Aconitum 'Stainless Steel'
This unique, architectural monkshood has steely eryngium-blue flowers. Contrast against ruby-leaved Cotinus coggygria ‘Royal Purple’ or use with deep-blue aconitums for extra glimmer
- Position: full sun or partial shade
- Soil: moist, fertile
- Rate of growth: average
- Flowering period: June to August
- Hardiness: fully hardy
This is a medium-sized monkshood, with erect spikes of hooded, intense pale blue flowers from early to late summer and deeply divided, grey-green leaves. This beautiful metallic blue monkshood was introduced several years ago to great acclaim. Although it will take some sun, its perfect planted in groups at back of a border in partial shade, to light up a dark corner, and its a low maintenance and long-flowering alternative to delphiniums
- Garden care: Prepare an extra deep planting hole at least 45cm (18in) deep, adding well-rotted organic matter to prevent the soil from drying out in summer. Always wear gloves when working with monkshood, since all parts of the plant are poisonous and a potential skin irritant.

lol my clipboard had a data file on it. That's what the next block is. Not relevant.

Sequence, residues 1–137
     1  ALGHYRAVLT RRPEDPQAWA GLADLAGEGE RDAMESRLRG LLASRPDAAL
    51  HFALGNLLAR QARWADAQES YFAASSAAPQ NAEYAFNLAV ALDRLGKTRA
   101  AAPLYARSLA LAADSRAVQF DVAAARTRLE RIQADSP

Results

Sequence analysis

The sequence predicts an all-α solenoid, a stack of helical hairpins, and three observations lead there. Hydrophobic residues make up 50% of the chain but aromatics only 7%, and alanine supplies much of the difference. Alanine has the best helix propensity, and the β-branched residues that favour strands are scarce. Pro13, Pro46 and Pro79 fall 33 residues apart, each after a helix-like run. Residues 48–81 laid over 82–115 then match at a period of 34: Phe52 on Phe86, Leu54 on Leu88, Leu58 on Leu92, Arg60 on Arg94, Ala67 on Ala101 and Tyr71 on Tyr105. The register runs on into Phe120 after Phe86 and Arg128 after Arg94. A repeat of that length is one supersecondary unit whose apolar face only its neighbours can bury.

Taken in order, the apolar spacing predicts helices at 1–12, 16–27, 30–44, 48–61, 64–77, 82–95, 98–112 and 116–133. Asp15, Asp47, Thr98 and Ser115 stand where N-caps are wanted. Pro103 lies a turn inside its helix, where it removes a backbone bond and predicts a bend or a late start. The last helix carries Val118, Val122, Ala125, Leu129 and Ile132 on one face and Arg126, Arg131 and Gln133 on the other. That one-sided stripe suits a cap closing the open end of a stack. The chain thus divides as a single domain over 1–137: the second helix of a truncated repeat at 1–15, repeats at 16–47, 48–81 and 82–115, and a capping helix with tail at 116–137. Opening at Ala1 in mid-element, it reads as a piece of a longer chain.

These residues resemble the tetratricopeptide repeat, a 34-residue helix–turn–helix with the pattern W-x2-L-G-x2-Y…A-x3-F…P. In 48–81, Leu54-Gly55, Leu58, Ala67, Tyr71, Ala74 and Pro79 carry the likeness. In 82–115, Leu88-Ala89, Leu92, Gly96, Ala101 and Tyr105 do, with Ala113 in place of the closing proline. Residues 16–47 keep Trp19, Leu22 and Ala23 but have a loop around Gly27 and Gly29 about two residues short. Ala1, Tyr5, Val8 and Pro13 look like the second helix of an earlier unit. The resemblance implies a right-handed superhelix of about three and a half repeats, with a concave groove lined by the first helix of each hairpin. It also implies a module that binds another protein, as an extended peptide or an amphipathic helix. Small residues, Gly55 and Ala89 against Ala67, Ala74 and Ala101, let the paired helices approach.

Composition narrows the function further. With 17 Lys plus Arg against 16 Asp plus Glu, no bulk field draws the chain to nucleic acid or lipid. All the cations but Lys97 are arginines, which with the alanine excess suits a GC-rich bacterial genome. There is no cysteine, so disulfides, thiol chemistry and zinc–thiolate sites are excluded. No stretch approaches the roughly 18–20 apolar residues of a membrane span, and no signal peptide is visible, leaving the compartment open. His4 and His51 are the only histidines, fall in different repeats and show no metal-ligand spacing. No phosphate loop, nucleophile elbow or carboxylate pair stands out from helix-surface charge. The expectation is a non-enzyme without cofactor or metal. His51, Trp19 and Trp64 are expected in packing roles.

- CAUTION toxic if eaten/harmful via skin
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Q:Aconitum - (Monkshood) dying back?
Hi there, I bought some Aconitum - Monkshood in June, but now in September they all have withered and appear to be dead. I noted it is described a full hardy, should it not still be green? I hope you can advise. Regards JillianAsked on 9/26/2009 by Jillian Timlin
A:Hello Jillian, These plants are herbaceous perennials, which are starting to die back now for the Winter. This is a natural part of their life cycle and the plants will remain dormant throughout Winter, then in the Spring the plants will put on lots of new, lush growth. I hope this helps. Helen Plant DoctorAnswered on 9/29/2009 by Crocus Helpdesk
Many flowering plants can be encouraged to produce better and longer-lasting displays with the minimum of effort. A plant produces flowers in order to reproduce and ensure the survival of the species. Once a plant has flowered and fertilisation has takenRead full article